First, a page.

Developers use probability in games for such things as hit probabilities, damage probabilities, and personality (e.g., propensity to attack, run, etc.). Games use probabilities to add a little uncertainty. In this chapter, we review elementary principles of probability and discuss how you can apply these basic principles to give the game AI some level of unpredictability. A further aim of this chapter is to serve as a primer for the next chapter, which covers decisions under uncertainty and Bayesian analysis.

Bayesian analysis for decision making under uncertainty is fundamentally tied to probability. Genetic algorithms also use probability to some extent—for example, to determine mutation rates. Even neural networks can be coupled with probabilistic methods. We cover these rather involved methods to various extents later in this book.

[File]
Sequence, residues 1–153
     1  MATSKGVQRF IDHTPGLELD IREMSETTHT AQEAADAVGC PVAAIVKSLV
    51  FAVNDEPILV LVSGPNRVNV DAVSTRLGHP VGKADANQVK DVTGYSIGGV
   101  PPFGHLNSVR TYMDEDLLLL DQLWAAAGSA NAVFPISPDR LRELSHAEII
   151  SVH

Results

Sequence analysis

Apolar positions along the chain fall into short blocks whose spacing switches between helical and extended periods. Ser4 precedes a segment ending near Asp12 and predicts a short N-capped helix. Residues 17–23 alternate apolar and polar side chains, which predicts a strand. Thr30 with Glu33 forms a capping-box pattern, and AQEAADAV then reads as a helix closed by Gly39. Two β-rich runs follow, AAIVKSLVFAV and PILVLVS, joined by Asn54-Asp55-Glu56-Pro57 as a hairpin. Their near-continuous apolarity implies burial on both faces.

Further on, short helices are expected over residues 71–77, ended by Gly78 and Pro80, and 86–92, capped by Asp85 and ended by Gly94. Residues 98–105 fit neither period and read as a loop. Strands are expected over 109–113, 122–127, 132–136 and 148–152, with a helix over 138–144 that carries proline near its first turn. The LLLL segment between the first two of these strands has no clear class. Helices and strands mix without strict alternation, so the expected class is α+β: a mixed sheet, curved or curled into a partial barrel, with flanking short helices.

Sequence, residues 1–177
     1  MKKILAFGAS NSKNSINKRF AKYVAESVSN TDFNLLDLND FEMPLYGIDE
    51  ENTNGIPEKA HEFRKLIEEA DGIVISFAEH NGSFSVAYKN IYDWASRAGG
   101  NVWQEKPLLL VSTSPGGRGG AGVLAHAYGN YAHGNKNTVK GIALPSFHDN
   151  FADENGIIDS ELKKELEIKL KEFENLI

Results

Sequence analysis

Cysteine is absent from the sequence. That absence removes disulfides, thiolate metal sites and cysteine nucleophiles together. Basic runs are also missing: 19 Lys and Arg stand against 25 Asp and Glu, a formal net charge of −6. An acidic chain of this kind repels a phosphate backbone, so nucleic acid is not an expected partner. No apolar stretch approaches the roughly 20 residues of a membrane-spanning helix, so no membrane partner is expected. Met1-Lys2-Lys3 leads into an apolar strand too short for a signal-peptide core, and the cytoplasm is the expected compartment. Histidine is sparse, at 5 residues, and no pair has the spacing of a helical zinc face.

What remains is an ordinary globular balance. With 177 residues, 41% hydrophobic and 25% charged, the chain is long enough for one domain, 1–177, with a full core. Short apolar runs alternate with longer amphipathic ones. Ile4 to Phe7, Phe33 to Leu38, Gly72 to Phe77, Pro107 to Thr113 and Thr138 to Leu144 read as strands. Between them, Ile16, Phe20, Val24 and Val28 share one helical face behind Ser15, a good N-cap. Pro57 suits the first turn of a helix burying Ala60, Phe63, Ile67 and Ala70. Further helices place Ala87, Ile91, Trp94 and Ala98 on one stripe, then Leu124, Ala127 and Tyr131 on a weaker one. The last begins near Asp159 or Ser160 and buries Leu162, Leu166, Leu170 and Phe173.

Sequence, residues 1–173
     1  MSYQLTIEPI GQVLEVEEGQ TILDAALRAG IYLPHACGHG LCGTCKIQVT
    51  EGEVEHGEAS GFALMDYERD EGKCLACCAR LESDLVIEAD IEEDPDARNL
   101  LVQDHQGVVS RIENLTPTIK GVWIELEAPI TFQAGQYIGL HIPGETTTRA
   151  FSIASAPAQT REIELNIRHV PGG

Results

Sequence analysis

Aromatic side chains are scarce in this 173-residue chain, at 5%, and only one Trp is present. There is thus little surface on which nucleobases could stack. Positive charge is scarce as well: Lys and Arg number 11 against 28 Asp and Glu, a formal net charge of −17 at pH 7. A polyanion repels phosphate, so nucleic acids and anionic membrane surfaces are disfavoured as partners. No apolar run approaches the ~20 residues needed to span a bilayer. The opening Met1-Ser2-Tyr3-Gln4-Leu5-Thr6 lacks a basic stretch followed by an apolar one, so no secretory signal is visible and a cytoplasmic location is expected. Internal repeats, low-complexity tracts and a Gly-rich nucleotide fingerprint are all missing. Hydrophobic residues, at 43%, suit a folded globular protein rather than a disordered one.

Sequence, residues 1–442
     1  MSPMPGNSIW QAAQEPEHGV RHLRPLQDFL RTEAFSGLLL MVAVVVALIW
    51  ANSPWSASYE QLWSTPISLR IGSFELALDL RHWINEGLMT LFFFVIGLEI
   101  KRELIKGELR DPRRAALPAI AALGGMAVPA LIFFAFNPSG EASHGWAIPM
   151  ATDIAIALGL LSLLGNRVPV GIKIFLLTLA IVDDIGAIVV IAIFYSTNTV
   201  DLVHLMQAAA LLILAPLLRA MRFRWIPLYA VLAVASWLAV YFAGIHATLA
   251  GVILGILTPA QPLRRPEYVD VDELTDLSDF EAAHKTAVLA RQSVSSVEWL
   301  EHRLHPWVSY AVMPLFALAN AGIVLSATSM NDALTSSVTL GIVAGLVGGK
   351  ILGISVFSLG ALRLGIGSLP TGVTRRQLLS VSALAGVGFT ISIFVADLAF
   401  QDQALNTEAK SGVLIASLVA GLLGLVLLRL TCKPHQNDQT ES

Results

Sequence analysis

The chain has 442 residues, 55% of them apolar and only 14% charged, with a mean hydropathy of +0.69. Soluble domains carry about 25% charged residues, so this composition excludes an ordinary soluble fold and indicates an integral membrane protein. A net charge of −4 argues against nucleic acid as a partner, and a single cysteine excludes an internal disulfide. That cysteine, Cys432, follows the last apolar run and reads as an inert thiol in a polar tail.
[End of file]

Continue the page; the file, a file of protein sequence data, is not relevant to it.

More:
Because the examples we discuss rely heavily on generating random numbers, let’s
look at some code to generate random numbers. The standard C function to generate a
random number is *rand()*, which generates a random integer in the
range from 0 to *RAND_MAX*. Typically
*RAND_MAX* is set to 32727. To get a random integer between 0
and 99, use *rand() % 100*. Similarly, to get a random number
between 0 and any integer N-1, use
*rand() % N*. Don’t forget to seed the random number generator
once at the start of your program by calling *srand* (seed). Note that *srand* takes a
single *unsigned ...*

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